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Diary

In this blog we are posting news from around the network, reflections on general news items and other broad-ranging items of interest. Current contributors are Sightlines Initiative directors Robin Duckett, Liz Elders, Debi Keyte Hartland and Chris Merrick.

Curiosity is the essence of human existence

Apollo astronaut Eugene Cernan and his daughter Teresa.NASA

"Curiosity is the essence of human existence. 'Who are we? Where are we? Where do we come from? Where are we going?' I don't know. I don't have any answers to those questions. I don't know what's over there around the corner. But I want to find out."

-- Gene Cernan

Eugene Cernan was (currently) the last man on the moon. I caught this reflection of his one April morning last year in a radio interview, and it's sat since then on my desk.  With short-term preoccupations threatening to drown out the current UK public sphere, I thought this was a good moment to paste this up, and gently bring us back to a bigger picture of human aspiration: certainly the one that exists in all the children 'round us - and hopefully in us too.


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Education is in the beauty of life

Biodiversity: "we are all in this together."

Around fifteen years ago I was in my second year of biological studies at the University. I was in Italy, specifically in Tuscany, a region worldwide known for the splendour of its Renaissance art. At that time, lecturers used to took students to nature observing it for long periods: memories of my ramblings in woods looking for living creatures, from plants to microscopic animals, are still sculptured in my mind. Seeing and studying the multitude of life in all its forms and "in the field" was the guiding experience that brought me to become a biologist with a deep urge to understand biodiversity and work out solutions to preserve it.

This interest took me and my family around Europe, giving us the possibility to live in Germany and now in UK, working with colleagues from all around the world. Meanwhile I became a mother. Facing the responsibility of what education implies, I felt the urgency to re-think the responsibility of each individual in its daily life in a wider perspective and thus the importance of education in our society: we are taking the responsibility to build a sustainable society, if we want our Planet and us to survive.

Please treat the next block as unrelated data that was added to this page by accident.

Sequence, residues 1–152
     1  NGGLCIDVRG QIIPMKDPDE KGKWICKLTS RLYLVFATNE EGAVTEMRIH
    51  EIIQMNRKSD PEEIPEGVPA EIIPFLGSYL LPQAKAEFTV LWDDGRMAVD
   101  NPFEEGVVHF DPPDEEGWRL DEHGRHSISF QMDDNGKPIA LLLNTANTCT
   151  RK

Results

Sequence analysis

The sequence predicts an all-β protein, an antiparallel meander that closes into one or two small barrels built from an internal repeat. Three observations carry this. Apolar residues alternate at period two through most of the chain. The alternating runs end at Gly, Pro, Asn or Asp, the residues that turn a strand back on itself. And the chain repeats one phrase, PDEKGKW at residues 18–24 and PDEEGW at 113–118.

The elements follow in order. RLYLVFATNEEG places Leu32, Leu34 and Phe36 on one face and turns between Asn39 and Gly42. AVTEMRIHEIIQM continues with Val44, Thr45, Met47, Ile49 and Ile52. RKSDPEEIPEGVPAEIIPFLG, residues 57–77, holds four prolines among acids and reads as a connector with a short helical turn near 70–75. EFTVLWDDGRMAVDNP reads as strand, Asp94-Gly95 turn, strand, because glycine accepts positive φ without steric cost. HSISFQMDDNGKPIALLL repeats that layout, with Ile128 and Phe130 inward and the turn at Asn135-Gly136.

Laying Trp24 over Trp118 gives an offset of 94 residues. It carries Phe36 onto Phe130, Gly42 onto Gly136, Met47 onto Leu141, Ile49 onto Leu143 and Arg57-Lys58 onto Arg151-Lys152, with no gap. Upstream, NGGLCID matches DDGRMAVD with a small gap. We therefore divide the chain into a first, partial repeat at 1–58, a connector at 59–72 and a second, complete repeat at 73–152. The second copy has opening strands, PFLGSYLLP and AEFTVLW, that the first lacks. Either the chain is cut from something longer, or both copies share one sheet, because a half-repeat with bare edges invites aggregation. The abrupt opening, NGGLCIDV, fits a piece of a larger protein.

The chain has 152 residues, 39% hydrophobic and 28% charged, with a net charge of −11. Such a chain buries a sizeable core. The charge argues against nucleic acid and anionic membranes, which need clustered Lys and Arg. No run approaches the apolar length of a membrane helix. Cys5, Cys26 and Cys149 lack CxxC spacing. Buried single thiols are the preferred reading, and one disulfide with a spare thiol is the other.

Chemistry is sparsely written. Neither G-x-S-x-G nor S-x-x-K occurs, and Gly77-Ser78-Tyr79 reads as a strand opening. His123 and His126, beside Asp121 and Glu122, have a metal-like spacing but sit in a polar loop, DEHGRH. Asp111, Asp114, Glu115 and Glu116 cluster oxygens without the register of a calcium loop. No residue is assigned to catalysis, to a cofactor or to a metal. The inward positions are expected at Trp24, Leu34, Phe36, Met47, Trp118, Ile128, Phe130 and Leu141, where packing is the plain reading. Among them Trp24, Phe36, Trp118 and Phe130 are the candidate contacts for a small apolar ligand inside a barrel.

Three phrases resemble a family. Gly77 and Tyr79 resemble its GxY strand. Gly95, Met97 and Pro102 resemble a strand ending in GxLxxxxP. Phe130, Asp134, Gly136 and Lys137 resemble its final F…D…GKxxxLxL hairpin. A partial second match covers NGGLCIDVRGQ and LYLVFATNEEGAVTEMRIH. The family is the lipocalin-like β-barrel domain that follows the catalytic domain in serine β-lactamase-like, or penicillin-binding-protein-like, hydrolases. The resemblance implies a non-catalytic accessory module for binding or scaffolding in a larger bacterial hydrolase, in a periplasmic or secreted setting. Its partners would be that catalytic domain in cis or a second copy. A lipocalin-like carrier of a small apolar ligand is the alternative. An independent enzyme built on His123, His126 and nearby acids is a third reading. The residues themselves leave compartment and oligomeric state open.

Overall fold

From my point of view, that of a biologist and a mother, we take care of the Earth as much as we take care of our children and thus education. And the other way around. So, we have the huge duty to educate our children to take care of our Planet and its biodiversity, which sustains us every single day. In other words, we have the responsibility (and the honour!) to facilitate the love that every human being innately has for nature. When during my work I try to work out solutions to communicate awareness of Earth's biodiversity to every people, the light that leads me is ultimately the same that led me many years ago in those woods in Tuscany while I was studying the brimming of life. This light is made in its core by the sense of beauty – the same that probably inspired many Renaissance artists, like Leonardo or Michelangelo!

How do we communicate children caring for the Planet Earth? How do we let children thrive this light? Giving them time and space to nurture and let flourish the sense of beauty that they innately have in a nutshell since they are born: experiencing nature every day, playing in nature, trusting their ability to relate to nature.

Children's innate recognition of beauty and educational work that supports this have been widely studied and enlightened by eminent protagonists of the Reggio experience. 

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Seeking an early years educator - the American School in London

One of the International Schools of our network is looking for an educator:

"We are looking for an assistant teacher who is excited to learn more about the Reggio philosophy and who wants to work with 4 and 5 year olds in a joyful, play based environment.

We are an American International School with students from 4 to 18 years of age.In Kindergarten (Reception and Year 1) we believe learning through playful inquiry is the foundation for intellectual, physical, and social and emotional growth. Inspired by Reggio Emilia and The Project Approach, we value children's natural curiosity and inclination to explore the world around them. The picture shows some work the children did on a project about Sound...they were making up ways to represent a composition using various percussion instruments and with a picture as a provocation."

ASL are making a real focus on their professional development at the moment, with all of the team having been to Reggio (or coming this April) and the core early years team are participating in our Skylight programme this year. It could be a very exciting school to join, at this point!

You will find their application form here (Lower School Assistant Teacher), and you'll also be able to read more about the school on their site, through the link.

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